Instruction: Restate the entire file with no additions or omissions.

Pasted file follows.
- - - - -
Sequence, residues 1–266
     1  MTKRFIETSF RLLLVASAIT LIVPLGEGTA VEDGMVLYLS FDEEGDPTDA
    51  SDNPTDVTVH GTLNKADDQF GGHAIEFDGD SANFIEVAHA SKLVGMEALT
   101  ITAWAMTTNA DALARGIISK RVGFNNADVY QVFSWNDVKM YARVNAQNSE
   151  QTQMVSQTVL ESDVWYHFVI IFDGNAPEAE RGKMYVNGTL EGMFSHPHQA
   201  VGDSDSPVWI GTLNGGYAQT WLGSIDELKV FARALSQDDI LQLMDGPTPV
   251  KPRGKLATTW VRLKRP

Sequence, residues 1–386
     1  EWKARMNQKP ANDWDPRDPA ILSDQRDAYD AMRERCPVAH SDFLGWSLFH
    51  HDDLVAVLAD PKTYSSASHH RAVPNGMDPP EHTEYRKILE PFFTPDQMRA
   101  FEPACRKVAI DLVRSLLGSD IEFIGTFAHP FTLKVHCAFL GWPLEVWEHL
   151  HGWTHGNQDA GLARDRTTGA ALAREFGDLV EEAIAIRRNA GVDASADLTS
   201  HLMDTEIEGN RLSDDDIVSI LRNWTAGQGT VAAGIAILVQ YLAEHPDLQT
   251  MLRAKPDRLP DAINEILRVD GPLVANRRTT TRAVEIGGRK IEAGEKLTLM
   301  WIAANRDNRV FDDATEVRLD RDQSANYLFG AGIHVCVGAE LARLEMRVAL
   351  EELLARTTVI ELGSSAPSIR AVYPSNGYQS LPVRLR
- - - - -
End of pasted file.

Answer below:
Sequence, residues 1–266
     1  MTKRFIETSF RLLLVASAIT LIVPLGEGTA VEDGMVLYLS FDEEGDPTDA
    51  SDNPTDVTVH GTLNKADDQF GGHAIEFDGD SANFIEVAHA SKLVGMEALT
   101  ITAWAMTTNA DALARGIISK RVGFNNADVY QVFSWNDVKM YARVNAQNSE
   151  QTQMVSQTVL ESDVWYHFVI IFDGNAPEAE RGKMYVNGTL EGMFSHPHQA
   201  VGDSDSPVWI GTLNGGYAQT WLGSIDELKV FARALSQDDI LQLMDGPTPV
   251  KPRGKLATTW VRLKRP

Sequence, residues 1–386
     1  EWKARMNQKP ANDWDPRDPA ILSDQRDAYD AMRERCPVAH SDFLGWSLFH
    51  HDDLVAVLAD PKTYSSASHH RAVPNGMDPP EHTEYRKILE PFFTPDQMRA
   101  FEPACRKVAI DLVRSLLGSD IEFIGTFAHP FTLKVHCAFL GWPLEVWEHL
   151  HGWTHGNQDA GLARDRTTGA ALAREFGDLV EEAIAIRRNA GVDASADLTS
   201  HLMDTEIEGN RLSDDDIVSI LRNWTAGQGT VAAGIAILVQ YLAEHPDLQT
   251  MLRAKPDRLP DAINEILRVD GPLVANRRTT TRAVEIGGRK IEAGEKLTLM
   301  WIAANRDNRV FDDATEVRLD RDQSANYLFG AGIHVCVGAE LARLEMRVAL
   351  EELLARTTVI ELGSSAPSIR AVYPSNGYQS LPVRLR